ences. Whether this opinion results from differences in under-
lying philosophies or from functions of the far less developed



Table 2O-Most effective delivery systems or methods for selected
cooperative education audiences.

Cooperative Members:
   Newsletters, mailings                            177
   Seminars, workshops                               86
   Conferences                                       83

Cooperative Directors:
   Conferences                                      134
   Seminars, workshops                              117
   Retreats, camps                                   61

Cooperative Employees:
   Seminars, workshops                              123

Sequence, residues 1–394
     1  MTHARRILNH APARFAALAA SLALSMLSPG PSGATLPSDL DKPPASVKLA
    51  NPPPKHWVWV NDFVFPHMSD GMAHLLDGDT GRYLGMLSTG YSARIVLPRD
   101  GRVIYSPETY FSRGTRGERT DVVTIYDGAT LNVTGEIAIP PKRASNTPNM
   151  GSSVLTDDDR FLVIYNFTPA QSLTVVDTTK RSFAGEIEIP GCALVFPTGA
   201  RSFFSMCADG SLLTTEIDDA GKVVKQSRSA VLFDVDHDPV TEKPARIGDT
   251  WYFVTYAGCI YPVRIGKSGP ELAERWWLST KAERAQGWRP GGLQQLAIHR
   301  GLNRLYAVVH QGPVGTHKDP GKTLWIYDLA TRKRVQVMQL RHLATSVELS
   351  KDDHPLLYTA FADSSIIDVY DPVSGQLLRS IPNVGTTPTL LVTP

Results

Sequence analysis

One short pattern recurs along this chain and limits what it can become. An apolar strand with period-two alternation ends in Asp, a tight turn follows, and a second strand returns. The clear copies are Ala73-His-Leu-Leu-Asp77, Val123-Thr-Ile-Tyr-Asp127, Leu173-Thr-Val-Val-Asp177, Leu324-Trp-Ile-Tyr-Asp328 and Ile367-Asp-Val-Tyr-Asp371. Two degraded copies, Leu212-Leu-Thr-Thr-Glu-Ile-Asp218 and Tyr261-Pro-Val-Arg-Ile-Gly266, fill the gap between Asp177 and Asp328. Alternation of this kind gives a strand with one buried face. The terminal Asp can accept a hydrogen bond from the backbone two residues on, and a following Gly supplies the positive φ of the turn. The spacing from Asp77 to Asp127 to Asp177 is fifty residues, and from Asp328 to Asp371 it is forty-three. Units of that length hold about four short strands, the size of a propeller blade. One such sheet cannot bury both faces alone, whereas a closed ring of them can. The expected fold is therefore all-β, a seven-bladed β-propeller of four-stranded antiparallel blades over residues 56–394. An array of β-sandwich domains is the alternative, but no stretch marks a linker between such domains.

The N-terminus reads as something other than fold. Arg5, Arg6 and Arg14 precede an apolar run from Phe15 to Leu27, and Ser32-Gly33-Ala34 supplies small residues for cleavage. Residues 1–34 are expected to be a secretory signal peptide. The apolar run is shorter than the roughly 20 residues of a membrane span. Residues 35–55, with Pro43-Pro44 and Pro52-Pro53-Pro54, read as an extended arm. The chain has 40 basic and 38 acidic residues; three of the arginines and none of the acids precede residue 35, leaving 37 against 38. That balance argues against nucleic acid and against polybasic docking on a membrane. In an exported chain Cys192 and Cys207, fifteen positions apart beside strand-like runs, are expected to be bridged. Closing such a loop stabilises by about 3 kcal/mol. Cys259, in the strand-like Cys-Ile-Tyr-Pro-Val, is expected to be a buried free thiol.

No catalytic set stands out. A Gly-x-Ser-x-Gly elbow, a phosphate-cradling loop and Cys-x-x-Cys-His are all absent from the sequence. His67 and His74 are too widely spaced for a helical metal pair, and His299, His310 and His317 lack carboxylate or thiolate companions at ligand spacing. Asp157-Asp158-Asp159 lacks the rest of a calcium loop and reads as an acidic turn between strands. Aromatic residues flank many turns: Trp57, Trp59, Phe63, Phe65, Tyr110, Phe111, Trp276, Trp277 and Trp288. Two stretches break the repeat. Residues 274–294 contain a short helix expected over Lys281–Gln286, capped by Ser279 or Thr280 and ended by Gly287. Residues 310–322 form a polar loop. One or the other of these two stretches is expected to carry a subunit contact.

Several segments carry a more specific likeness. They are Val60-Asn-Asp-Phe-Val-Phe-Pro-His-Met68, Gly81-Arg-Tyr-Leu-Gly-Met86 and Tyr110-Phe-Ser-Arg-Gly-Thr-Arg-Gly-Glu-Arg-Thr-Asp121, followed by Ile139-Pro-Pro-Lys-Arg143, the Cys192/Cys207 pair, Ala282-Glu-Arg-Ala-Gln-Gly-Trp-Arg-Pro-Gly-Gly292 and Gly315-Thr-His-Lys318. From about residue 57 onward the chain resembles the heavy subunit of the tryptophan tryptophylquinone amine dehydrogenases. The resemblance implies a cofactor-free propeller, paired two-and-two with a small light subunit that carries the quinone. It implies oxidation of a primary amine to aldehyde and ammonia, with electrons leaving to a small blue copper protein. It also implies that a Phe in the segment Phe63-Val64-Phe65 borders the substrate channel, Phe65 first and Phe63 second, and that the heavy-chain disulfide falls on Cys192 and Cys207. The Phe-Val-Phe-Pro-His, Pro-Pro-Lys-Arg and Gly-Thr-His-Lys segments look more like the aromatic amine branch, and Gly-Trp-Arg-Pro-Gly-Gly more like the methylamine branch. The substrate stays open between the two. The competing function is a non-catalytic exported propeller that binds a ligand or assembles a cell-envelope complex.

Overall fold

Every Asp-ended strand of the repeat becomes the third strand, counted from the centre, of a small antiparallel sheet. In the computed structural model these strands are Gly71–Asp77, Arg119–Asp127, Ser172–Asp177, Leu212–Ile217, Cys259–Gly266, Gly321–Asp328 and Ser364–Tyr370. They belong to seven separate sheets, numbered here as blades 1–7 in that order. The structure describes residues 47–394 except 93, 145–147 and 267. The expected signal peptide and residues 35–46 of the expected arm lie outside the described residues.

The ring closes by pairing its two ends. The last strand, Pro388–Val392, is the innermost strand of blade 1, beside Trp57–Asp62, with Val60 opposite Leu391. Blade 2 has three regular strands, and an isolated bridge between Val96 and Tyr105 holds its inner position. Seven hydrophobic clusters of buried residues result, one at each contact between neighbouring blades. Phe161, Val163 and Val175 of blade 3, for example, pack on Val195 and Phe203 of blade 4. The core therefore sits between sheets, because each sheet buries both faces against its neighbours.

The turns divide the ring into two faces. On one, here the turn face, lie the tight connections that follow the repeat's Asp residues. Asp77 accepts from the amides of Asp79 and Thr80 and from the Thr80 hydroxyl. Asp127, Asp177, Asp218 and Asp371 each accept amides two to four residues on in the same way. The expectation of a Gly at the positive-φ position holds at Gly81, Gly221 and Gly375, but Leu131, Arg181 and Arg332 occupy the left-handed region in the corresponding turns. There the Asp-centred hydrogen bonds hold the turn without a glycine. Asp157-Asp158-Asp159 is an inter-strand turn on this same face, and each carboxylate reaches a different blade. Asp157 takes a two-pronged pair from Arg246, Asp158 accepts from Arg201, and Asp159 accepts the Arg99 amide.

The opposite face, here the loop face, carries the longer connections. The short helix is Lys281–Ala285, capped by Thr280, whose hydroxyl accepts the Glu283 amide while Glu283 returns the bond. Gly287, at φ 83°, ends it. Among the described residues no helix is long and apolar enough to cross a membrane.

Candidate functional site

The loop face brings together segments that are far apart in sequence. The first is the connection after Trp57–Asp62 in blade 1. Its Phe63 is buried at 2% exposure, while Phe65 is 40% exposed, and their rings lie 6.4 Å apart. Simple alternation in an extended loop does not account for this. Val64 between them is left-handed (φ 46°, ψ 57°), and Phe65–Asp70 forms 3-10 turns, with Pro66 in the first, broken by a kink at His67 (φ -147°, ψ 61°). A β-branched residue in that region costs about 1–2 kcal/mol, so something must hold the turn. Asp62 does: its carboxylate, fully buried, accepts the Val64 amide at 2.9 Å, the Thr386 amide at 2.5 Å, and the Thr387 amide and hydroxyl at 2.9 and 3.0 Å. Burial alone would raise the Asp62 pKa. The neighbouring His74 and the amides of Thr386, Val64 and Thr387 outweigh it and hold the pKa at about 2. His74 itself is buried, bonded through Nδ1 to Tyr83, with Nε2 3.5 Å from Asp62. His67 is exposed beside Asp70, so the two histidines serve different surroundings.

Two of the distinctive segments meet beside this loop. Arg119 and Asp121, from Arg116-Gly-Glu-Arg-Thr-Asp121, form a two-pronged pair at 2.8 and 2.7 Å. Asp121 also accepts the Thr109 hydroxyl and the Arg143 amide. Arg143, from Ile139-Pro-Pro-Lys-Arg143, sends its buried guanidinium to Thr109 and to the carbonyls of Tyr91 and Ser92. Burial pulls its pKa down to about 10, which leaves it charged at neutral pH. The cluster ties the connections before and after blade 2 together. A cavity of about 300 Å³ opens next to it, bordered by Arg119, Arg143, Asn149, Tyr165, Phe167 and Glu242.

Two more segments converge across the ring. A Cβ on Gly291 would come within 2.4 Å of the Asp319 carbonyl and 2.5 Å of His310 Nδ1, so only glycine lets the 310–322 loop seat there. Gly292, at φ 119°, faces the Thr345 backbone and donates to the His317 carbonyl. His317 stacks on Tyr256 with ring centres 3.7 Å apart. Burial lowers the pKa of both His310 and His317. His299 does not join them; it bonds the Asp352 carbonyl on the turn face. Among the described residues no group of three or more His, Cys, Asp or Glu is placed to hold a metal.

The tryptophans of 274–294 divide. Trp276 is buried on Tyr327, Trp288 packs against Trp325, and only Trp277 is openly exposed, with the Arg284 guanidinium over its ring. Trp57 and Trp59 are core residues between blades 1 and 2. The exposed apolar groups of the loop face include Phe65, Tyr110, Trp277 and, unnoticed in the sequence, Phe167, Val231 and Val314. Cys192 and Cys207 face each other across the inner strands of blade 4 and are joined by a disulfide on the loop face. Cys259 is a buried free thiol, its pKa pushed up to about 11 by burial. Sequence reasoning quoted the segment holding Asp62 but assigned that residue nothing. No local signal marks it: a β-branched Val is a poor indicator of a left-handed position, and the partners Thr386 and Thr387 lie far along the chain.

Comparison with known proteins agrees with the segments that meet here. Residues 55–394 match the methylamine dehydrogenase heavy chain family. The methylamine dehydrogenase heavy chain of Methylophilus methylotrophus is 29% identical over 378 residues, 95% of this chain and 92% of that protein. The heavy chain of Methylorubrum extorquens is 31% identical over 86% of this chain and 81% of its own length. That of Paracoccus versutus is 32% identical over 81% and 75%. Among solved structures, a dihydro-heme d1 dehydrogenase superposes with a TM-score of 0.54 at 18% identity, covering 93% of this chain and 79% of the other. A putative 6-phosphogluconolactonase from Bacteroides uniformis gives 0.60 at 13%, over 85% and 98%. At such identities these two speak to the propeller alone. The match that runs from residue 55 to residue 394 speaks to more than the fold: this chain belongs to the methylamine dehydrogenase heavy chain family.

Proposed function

Conferences                                      100
   Correspondence, self instruction                  66
   Newsletters, mailings                             61

Cooperative Managers:
   Conferences                                      114
   Seminars, workshops                              109
   Private consulting                                49
   Teleconferences                                   49

Board Officers:
   Seminars, workshops                             105
   Conferences                                     102
   Retreats, camps                                  53
   Personal counsel                                 44

Young Adults:
   Conferences                                      97
   Seminars, workshops                              94
   Retreats, camps                                  86
   Newsletters, mailings                            80

Youth:
   Retreats, camps                                 108
   Seminars, workshops                              87
   Conferences                                      86

                                                                   19